Brussels offers all that is the best of Europe: beautiful buildings, sumptuous museums, superb dining, excellent beers, exceptional chocolates, and handmade lace! Two quite distinct languages receive equal billing in this worldly city: Dutch, as spoken in the north of Belgium, and French, spoken in the south.

During most of its history, Brussels was dominated by foreign powers, beginning with the Romans, Vikings, Spain, France, Austria, England, and finally The Netherlands. Under the patronage of Philip of Burgundy in the 15th century and Charles V of Spain in the 16th century, Flemish painting, tapestry-work, and lace-making reached artistic excellence in Brussels. The famous Battle of Waterloo in which Napoleon was defeated took place some ten or so miles outside Brussels. By 1830 the Dutch were driven out and an independent nation-state of Belgium created, the first monarch, Leopold of Saksen-Koburg, being related to the English royal family.

The heart of Brussels is the Grand Place, an irresistible historic square as beautiful as any in Europe. It has a special charm on Sunday mornings when the square is transformed into a flower and bird market. Be sure to visit the 15th-century Town Hall, late 17th-century guildhalls, the City Museum as well as the Royal Museum of Ancient Art where the rich collection of Flemish and Dutch oil paintings is unrivalled. Among the many churches, Cathedral St. Michel, St. John the Baptist and Notre Dame de la Chappelle stand out as most important architecturally.    Nearby is the famous Maneken-Pis, a bronze statue of a small boy watering the fountain. The statue is the celebrated mascot of the city, said to embody the rebellious spirit of Brussels.

Continue your discovery of the Belgian capital city and learn about Art Nouveau as you visit one of the four houses of Victor Horta, a creative genius and the leading Belgium Art Nouveau architect. The Horta house and workshop were built between 1898 and 1901 on two lots in a fashionable district of the town.

Also visit the gardens of the Van Buuren Museum, a little jewel is the heart of Brussels. There is great harmony of style and time between the J Buyssens’s garden and the Art Deco house. The actual garden is made of 3 different gardens: the Picturesque Garden, The Labyrinth and The Garden of the Heart “. The Picturesque Garden was designed by a landscape architect, in the twenties, and represents the geometrical ideas of the Art Deco.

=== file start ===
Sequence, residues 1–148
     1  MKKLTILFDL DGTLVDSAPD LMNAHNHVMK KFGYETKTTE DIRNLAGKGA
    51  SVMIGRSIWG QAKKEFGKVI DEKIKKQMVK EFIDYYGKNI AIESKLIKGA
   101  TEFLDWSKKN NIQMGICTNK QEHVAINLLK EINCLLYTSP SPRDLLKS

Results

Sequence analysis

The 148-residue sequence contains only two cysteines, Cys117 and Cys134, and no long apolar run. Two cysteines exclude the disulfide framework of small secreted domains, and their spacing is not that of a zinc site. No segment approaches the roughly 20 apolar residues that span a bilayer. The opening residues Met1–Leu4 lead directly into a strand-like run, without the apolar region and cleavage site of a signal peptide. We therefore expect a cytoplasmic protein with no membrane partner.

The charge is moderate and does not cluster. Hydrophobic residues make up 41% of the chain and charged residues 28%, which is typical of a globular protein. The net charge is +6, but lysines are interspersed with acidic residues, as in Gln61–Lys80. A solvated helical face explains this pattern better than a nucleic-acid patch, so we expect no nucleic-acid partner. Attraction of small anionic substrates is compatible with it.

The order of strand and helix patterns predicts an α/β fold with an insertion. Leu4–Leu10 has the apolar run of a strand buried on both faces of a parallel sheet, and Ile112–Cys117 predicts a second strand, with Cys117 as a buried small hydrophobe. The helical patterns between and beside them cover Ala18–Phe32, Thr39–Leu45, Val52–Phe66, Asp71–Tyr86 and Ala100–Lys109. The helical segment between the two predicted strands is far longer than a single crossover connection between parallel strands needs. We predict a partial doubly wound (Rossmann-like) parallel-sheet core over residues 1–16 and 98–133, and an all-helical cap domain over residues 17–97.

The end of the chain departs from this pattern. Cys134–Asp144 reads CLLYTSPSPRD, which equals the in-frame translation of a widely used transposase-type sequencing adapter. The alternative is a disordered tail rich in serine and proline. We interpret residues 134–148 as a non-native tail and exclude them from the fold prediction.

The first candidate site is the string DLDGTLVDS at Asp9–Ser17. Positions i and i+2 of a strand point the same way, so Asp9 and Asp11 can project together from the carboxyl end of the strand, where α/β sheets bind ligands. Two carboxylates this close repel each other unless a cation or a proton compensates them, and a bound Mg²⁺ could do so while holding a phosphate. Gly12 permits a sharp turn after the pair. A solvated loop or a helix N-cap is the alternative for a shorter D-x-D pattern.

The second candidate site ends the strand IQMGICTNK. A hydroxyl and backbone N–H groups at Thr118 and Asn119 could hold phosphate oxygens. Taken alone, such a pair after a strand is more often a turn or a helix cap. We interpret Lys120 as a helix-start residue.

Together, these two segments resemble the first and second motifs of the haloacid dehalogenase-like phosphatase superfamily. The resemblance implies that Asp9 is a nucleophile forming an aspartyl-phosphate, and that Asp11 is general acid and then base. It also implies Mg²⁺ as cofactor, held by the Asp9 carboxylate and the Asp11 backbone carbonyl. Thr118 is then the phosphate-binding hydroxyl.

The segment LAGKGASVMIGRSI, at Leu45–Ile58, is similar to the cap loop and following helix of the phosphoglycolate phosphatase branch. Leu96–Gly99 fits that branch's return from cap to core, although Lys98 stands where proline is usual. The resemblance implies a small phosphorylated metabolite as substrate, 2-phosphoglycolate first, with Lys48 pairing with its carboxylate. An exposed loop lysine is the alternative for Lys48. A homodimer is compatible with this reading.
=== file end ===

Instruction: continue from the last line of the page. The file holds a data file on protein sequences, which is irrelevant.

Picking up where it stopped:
Alternatively, opt for a full-day excursion to Ghent & Bruges. Ghent is the principal seat of the county of Flanders and its medieval quarters and splendid castle are redolent of history. Bruges, a beautiful medieval city of canals, is often called the “Venice of the North”.  Or if your travel schedule can be extended, we highly recommend you stay overnight a few days in each city.

Filled with cathedrals and museums, Ghent is a city dating back to Roman times. It is now the capital of the province of East Flanders and one of Europe’s largest inland ports. It served as the principal seat of the Counts of Flanders and its massive castle dates from the 11th century. The Rembrandt moors in the centre of town near the church that houses the  famous painting by Van Eyck, “The Adoration of the Mystic Lamb”. Ghent also claims the title “City of Flowers”, as it is surrounded by nurseries devoted to azaleas, rhododendrons and begonias.

With its extensive system of canals and bridges, Bruges is often called the “Venice of the North.” The city, which has a population of 119,000 inhabitants and is the capital of West Flanders, was one of the most important cities of commerce from the 13th to the 15th centuries. Virtually surrounded by water which follows the course of the old fortifications, the town is linked by canals to the ports of Zeebrugge, Ostende and Ghent.

The beauty of the buildings, along with its famous lace and the wealth of art treasures, combine to make Bruges one of Belgium’s most popular tourist centres. The Halle dates from the 13th century and long served as the main market. Also from the 13th century, the Belfry is the finest in Belgium and the most prominent architectural feature of Bruges. The Basilica of the Holy Blood has a lower chapel dating from the 12th century, the upper from the 15th-16th centuries and the Stadhuis is the oldest Gothic Town Hall in Belgium, dating from 1376. Located on the central square, it’s a wonderful spot to sip tea or coffee in the afternoon. The Groeninge Museum contains the municipal collection of paintings, some of them late Old Masters and some works of the 19th-20th centuries. Opposite the museum is the early Gothic church of Onze Lieve Vrouwekek which traces its origins back to the 10th century.

Your driver will meet you in your hotel lobby and transfer you in the comfort of your private luxury vehicle to Brussels airport where you are assisted with check-in.

Pacific Destination Center Europe Specialists are here to help personalize your holiday for the Most Memorable Experience – Just give us a call at 800-227-5317, or email us at with your desired destinations and focused activity wish list, or special occasion celebration and we will get started on your personalized dream holiday.


Phone one of our Europe Specialists at 1-800-227-5317 to start planning your European Holiday now!